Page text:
Crump Weir
    • 21 Sep 2022
    • 3 Minutes to read
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    Crump Weir

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    Article summary

    The Crump Weir models a triangular profile weir with a 1:2 sloping front face and a 1:5 sloping back face.

    Data

    Field in Data Entry Form

    Description

    Name in Datafile

    Calibration Coefficient

    Calibration coefficient (should be set to unity for most cases)

    Cc

    Breadth of Weir

    Breadth of weir at crest (m)

    b

    Elevation of Weir

    Elevation of weir crest (m above datum)

    zc

    Modular Limit

    If Calculation Method set to FIXED, then a fixed modular limit value (eg 0.8) specified will be used; if set to VARIABLE (m=0 or blank in the dat file) then an internally calculated value will be used

    m

    Upstream Crest Height

    Height of crest above bed of upstream channel (m)

    p1

    Downstream Crest Height

    Height of crest above bed of downstream channel (m)

    p2

    Upstream Node

    Upstream node label

    Label1

    Downstream Node

    Downstream node label

    Label2

    Upstream Remote Node

    Upstream remote node label (must be a river or conduit section) - use if Label1 is not a river or conduit section

    Label3

    Downstream Remote Node

    Downstream remote node label (must be a river or conduit section) - use if Label2 is not a river or conduit section

    Label4

    Theory and Guidance

    The Crump Weir models a triangular profile weir with a 1:2 sloping front face and a 1:5 sloping back face.

    Crump weirs are used as measuring structures in open channels and have the advantage that the coefficient of discharge is predictable and that the downstream bed elevations have little effect on modular limits and modular coefficient, for one in two upstream and one in five downstream sloping faces.

    The design was originally prepared by Crump in 1952 and further investigated by W.R. White. The equations applied here are taken from White W.R. (1971); coefficient of discharge is taken from Fig.5 and the drowned flow reduction factor from Fig.11 (based on the curve for the ratio of upstream and downstream total head with no truncation of the weir).

    It must be noted that the Crump Weir operates in terms of total head and requires that the upstream and downstream nodes are conduit or river sections, from whence the velocities are determined to calculate total head; if not, for instance if either node is attached to a junction., then remote upstream and/or downstream nodes may be specified from which to obtain a representative velocity.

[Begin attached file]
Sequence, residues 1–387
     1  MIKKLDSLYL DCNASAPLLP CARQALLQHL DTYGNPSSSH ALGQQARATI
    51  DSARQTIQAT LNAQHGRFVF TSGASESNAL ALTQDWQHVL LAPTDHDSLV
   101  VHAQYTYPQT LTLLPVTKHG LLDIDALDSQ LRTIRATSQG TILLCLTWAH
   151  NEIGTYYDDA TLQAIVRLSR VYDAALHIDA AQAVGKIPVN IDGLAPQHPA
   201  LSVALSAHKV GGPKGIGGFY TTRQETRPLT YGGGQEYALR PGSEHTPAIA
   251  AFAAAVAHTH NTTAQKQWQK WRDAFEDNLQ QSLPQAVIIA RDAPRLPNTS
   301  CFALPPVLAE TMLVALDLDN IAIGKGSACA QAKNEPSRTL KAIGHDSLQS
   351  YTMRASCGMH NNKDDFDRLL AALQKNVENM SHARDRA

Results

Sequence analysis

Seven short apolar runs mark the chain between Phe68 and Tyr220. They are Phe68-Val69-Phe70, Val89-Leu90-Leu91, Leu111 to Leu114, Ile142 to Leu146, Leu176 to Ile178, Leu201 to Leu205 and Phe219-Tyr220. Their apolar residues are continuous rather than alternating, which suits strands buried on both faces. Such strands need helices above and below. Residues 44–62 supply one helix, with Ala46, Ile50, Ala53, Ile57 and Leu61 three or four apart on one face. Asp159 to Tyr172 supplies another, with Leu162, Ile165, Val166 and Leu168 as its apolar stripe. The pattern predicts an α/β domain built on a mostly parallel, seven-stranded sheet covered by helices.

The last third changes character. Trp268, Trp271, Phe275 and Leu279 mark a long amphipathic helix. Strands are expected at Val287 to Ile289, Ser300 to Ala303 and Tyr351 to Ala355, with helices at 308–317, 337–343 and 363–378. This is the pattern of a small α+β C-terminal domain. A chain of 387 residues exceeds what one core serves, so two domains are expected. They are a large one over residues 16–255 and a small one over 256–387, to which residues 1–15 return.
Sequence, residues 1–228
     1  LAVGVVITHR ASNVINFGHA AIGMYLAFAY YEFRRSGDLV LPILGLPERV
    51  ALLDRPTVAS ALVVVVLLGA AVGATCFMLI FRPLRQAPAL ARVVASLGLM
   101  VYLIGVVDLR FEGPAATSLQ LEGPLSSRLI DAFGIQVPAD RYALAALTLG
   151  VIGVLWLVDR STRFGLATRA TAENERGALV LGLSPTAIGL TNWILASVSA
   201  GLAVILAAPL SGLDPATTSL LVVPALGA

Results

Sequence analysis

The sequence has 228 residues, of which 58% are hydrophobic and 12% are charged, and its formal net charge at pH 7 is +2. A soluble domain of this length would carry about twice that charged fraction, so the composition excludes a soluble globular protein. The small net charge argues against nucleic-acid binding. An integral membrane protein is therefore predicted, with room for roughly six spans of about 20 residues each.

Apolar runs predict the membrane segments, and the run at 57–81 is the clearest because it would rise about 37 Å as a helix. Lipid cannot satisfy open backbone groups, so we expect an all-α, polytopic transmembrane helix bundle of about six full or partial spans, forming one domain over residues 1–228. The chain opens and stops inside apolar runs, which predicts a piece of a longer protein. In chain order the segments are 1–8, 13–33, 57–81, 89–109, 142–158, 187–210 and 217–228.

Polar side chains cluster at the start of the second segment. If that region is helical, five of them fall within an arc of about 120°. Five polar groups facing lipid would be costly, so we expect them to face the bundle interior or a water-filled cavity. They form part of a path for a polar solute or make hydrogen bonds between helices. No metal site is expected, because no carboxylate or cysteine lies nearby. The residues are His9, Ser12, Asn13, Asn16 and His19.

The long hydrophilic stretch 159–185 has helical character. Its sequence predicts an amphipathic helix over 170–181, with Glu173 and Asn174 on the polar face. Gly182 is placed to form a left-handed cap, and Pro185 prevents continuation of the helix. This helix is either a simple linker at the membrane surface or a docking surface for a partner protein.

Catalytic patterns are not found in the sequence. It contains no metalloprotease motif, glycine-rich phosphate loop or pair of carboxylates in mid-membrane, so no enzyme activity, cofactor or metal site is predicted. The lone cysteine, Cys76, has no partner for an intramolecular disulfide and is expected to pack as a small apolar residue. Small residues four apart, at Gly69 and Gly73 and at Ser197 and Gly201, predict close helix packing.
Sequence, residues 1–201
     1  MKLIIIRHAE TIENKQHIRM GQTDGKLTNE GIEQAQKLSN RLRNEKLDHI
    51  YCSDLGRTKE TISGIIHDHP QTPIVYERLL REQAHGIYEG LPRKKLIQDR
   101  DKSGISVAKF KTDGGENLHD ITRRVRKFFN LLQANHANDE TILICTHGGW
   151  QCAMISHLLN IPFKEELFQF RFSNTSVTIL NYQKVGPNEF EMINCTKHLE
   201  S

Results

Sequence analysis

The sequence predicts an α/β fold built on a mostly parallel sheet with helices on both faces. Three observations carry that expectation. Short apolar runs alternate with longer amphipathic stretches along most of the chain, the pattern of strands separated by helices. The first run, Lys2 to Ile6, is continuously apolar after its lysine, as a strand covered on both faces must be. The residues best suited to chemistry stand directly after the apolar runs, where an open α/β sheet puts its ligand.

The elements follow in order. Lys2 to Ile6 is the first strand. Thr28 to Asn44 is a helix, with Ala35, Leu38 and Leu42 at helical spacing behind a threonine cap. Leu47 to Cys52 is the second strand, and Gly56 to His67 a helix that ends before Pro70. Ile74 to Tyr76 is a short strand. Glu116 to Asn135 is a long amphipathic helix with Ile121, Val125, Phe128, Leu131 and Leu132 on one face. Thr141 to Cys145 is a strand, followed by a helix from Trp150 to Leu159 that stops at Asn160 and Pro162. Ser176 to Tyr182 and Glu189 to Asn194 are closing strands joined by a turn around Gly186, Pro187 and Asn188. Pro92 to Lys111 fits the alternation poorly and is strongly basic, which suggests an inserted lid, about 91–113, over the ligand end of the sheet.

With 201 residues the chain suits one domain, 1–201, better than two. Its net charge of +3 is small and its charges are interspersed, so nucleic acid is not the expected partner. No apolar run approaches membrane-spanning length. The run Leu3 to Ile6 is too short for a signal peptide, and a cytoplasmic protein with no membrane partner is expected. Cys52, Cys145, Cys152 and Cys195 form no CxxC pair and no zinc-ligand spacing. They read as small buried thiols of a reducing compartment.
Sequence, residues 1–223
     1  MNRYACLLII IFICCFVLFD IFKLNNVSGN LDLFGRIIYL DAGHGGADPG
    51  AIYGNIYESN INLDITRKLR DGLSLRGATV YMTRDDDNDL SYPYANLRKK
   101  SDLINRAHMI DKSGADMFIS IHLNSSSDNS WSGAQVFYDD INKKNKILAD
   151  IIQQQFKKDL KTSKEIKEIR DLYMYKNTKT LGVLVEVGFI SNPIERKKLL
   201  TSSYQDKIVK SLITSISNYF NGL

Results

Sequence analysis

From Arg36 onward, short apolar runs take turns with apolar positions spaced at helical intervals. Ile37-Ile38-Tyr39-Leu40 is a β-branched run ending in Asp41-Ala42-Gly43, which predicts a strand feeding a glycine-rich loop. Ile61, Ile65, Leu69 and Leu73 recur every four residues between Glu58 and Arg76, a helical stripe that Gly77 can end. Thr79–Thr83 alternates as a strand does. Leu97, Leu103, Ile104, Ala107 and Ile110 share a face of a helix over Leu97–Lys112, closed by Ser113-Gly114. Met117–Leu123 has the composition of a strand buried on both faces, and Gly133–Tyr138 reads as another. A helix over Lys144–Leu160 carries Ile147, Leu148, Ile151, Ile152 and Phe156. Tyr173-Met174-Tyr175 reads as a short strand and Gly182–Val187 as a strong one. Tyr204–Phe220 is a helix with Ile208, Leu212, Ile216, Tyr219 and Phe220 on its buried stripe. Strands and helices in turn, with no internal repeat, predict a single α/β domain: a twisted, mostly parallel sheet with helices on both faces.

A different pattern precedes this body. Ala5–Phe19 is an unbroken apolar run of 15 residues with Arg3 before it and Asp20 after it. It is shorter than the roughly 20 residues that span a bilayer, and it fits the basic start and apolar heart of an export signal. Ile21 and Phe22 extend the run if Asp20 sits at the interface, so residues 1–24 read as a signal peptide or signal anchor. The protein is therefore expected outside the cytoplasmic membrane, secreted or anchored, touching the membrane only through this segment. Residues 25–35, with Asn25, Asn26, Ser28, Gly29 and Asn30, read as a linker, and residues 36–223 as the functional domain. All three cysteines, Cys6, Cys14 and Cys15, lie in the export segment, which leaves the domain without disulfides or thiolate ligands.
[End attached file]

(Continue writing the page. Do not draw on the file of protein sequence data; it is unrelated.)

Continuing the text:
Equations

    y³ y(forward flow) h1 = hu , etc

    y< y(reverse flow) h1 = hd , etc

    h1 = y- zc

    h2 = y- zc

    h= upstream head

    h= downstream head

    Mode 0 - Dry Crest

    Condition

    y< zc

    y< zc

    Equation

    Q = 0

    (1)


    RiverNodesimagesCrumpWeirMeasurements.gifFigure 1: Crump Weir parameters (slopes not to scale)

    Mode 3 - Free Flow

    Condition

    y1 < zc or y2 < zc

    H2/H1 ≤ m

    where:

    m is the modular limit

    Equation


    (2)

    where:

    Cd = discharge coefficient

    g = gravitational acceleration (m/s2)

    H1 = h1 + v12/2g

    H2 = h2 + v22/2g

    with:

    v1 = upstream flow velocity

    v2 = downstream flow velocity


    RiverNodesimagesCrumpWeirMode3.gifFigure 2: Crump Weir (free flow)

     Mode 4 - Drowned Flow


    Condition

    y1 > zc

    H2/H1 > m

    where:

    m is the modular limit

    Equation


    (3)

    where:

    Cd = modular discharge coefficient

    fr = drowned flow reduction factor

    g = gravitational acceleration (m/s2)

    H1 = h1 + v12/2g

    H2 = h2 + v22/2g

    with:

    v1 = upstream flow velocity

    v2 = downstream flow velocity


    RiverNodesimagesCrumpWeirMode4.gifFigure 3: Crump Weir (drowned flow)

    General

    A warning is generated if the Crump Weir is not attached (either directly or remotely) to nodes which have cross sections from which velocities can be established.

    The routine allows reverse flow but applies the same equation (it assumes that the upstream face has a slope of one in five and the downstream sloping face is one in two). In practice it is unlikely that reverse flow will occur over a Crump Weir unless it has been sited badly.

    If the weir complies with the British Standard and is free from blockages the calibration coefficient should be set to unity.

    Datafile Format

    Line 1 - Keyword 'CRUMP' [comment]

    Line 2 - Label1, Label2, Label3, Label4

    Line 3 - , , ,  

    Line 4 - p1, p2

    Example

    CRUMP
    UNIT029     UNIT030
         0.900    10.000     1.000     0.900
         1.000     2.000

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